Though it premiered to little-to-no fanfare on Apple TV+ in 2020, Mythic Quest quickly established itself as a show that knew exactly what it was from the beginning. Though this shouldn’t come as a surprise, given that it was co-created by TV veterans Charlie Day, Megan Ganz, and Rob McElhenny. McElhenny and Charlotte Nicdao have formidable chemistry as video game visionaries who butt heads more often than not, leading to some hilarious set pieces. Ashley Burch, Jessie Ennis, Imani Hakim, David Hornsby, Danny Pudi, and F. Murray Abraham round out what may be the best cast on TV, who each expanded and deepened their character arcs throughout the second season. A workplace comedy with an endless range of story possibilities, Mythic Quest blends off-the-wall humor with a surprising amount of heart.
Only Murder in the Building
Breaking news: Steve Martin and Martin Short are really funny together! Ok, so maybe the duo have some familiarity, but they reached new heights both together and separately in Hulu’s true-crime spoof dramedy. The show, co-created by Martin and John Hoffman, spins a yarn of murder and betrayal, while also riffing on the tropes that are rampant amongst true-crime podcasts and TV shows. Martin and Short are delightful together, but Selena Gomez holds her own amicably, often playing the straight man to their eccentricities. The show also features delightful supporting turns from Nathan Lane, Amy Ryan, Da’Vine Joy Randolph, Jayne Houdyshell, and Jane Lynch to create a weird but grounded ecosystem ripe for drama. The show itself doesn’t stray from murder-mystery mainstays – red herrings, overlooked clues, and hidden agendas among them – but those elements are forgivable when the cast is so enjoyable together.
Star Wars: Visions
Star Wars is all about control. Or, at least, it has been since Disney took the reins from George Lucas. The mega-studio has gone through more directors in its films than perhaps any other franchise, all in the sake of maintaining the carefully cultivated image for the IP that its fans so desperately crave. Which is why Visions is so refreshing for a Star Wars property: the studio relinquished creative control to nine different Japanese animators to tell whatever stories they want in this galaxy far, far away. None deal with the Skywalkers or the events of the films directly, and they’re all the better for it. Each episode has a distinctive look – “The Duel”, directed by Takanobu Mizuno, is one of the best looking animated productions in any medium in a long time – and each uniquely fits the kind of story they’re telling. Whether you watch one episode or all, Visions is an endlessly re-watchable offering that breathes new life into what was becoming a fairly stale franchise.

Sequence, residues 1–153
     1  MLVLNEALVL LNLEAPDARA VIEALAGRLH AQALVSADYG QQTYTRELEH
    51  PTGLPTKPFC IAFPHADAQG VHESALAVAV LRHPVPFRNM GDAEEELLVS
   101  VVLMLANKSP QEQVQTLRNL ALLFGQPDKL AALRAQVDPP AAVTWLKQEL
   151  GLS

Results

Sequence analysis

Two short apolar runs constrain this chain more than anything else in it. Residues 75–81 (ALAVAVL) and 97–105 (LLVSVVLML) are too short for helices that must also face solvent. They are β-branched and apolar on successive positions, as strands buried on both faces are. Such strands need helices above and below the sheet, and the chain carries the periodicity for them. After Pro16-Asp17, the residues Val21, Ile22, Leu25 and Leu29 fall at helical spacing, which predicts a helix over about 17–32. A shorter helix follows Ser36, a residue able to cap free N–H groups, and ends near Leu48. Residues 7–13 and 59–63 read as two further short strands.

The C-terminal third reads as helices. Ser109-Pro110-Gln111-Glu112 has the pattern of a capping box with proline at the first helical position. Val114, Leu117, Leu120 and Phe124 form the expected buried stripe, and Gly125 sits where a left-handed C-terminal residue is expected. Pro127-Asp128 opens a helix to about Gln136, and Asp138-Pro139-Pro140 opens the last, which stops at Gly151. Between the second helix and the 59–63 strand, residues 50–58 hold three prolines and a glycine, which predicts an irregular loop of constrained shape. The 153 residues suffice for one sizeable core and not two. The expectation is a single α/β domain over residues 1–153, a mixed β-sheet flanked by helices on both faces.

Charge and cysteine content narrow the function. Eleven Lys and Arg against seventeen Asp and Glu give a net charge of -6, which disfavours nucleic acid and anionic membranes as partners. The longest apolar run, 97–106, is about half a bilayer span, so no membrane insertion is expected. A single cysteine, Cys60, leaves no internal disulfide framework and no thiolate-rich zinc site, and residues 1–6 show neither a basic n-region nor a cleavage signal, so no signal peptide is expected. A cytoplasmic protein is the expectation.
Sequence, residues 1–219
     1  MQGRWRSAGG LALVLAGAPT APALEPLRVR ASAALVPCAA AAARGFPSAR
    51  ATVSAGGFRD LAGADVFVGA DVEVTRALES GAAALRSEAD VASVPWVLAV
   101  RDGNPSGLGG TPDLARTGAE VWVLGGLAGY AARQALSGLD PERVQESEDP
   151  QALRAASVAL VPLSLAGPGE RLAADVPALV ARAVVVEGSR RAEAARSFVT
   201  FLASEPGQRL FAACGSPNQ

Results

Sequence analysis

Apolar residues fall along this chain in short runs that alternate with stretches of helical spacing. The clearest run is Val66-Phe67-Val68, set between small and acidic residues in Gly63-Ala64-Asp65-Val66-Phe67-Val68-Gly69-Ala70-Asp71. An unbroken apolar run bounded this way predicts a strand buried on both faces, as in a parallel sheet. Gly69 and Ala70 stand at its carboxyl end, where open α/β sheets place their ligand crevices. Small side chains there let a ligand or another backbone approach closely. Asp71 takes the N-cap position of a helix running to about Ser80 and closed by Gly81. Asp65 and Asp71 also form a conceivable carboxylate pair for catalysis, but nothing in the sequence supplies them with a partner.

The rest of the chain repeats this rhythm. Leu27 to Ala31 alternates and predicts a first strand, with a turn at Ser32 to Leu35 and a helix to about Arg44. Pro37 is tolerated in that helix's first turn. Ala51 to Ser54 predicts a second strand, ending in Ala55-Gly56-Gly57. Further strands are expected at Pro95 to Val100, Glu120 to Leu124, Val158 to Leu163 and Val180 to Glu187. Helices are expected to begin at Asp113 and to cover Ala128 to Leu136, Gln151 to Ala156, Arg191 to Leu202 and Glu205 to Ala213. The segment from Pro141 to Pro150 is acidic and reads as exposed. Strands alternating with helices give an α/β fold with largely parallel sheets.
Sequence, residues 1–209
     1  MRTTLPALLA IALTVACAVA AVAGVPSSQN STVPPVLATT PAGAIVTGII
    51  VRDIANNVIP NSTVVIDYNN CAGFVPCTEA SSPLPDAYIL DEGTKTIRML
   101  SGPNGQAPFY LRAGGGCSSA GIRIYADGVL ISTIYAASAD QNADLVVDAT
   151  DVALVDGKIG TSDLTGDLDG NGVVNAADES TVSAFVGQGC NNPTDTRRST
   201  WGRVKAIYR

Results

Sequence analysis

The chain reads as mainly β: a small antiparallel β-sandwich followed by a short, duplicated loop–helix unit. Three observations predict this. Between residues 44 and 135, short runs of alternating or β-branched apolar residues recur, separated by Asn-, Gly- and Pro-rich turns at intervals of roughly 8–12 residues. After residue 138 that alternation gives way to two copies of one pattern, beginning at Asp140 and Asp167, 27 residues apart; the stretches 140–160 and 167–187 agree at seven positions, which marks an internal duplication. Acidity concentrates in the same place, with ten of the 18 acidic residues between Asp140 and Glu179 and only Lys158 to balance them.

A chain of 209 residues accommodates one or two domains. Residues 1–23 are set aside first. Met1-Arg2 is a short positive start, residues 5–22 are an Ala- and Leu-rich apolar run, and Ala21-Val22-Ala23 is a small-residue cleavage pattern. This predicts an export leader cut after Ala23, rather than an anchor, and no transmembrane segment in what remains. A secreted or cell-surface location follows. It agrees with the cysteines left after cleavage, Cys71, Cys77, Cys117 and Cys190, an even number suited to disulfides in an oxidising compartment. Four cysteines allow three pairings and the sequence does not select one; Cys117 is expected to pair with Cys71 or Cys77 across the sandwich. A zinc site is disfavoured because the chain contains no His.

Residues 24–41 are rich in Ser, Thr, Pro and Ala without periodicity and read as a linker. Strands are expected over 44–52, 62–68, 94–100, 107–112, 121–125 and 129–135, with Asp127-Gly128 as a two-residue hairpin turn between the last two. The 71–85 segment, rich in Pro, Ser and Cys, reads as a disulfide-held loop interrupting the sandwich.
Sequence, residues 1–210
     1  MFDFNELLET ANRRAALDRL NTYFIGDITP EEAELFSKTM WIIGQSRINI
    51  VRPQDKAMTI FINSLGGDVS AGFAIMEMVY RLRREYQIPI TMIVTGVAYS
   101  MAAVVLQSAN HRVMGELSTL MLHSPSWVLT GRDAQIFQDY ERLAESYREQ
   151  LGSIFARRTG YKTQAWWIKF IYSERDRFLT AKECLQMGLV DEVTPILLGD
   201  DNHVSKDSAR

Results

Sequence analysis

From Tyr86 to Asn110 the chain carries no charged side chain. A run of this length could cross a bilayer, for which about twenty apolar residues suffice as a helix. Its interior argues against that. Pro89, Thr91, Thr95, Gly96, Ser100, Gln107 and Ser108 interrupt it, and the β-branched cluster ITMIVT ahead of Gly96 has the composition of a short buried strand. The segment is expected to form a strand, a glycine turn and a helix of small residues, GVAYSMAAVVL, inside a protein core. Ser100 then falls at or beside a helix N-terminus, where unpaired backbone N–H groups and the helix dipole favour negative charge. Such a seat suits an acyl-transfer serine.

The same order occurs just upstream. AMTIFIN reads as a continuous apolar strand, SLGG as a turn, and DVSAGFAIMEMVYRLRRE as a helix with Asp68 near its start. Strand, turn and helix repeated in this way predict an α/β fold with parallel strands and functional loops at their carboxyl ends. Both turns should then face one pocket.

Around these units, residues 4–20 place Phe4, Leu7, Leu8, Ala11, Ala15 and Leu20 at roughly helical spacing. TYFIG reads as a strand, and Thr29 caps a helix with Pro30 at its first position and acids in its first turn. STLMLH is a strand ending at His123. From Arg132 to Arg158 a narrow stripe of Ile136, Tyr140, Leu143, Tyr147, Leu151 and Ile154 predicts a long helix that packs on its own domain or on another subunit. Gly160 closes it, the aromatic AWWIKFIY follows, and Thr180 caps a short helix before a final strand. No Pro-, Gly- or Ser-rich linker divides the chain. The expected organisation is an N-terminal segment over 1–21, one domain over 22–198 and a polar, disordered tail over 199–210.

Perhaps the internet has touched on this already, but Ted Lasso‘s second season wasn’t perfect. Apple TV+’s critical darling stumbled occasionally – sorry, Coach Beard – but overall successfully continued to explore Ted’s damaged psyche and how it’s affected others. The show brought in Sarah Niles as Dr. Sharon Fieldstone, a sports psychiatrist, and mined plenty of drama from Ted’s anxiety. The show benefited most from Toheeb Jimoh’s expanded screen time as Sam, and his subplot with Rebecca and their romance together was heartbreaking but effective. But Brett Goldstein and Juno Temple may ultimately be the MVPs of the season, as their relationship grew through ups and downs. That I could continue down the line to espouse each cast member’s strengths only speaks to Ted Lasso‘s deep bench. The online discourse around the show and its quality fluctuated as rapidly as a Richmond match, but its writing, acting, and directing all worked in tandem to deliver another solid season of television.
The Underground Railroad
We already knew before 2021 that Barry Jenkins was a masterful filmmaker. But his adaptation of Colson Whitehead’s The Underground Railroad proved that point beyond a shadow of a doubt. For ten episodes, Jenkins beautifully explores the horrors of slavery through a mostly fantastical lens. Though the pre-Civil War era of American history is well-worn ground in film by now, this is a look at slavery unlike any that’s come before. Thuso Mbedu gives a breakout performance as Cora, an escaped slave trying to evade capture and make it to freedom. Virtually every element of the production works in tandem to create a uniquely wondrous but haunting experience: from the sound design to the costumes to the cinematography to the score and production design. Jenkins’ direction prevents the often grim themes at play from succumbing to any type of misery porn, always allowing the human spirit to shine through the darkness. Jenkins arguably made one of the best films of the last decade in Moonlight, and The Underground Railroad may go down as one of the best television events of this decade.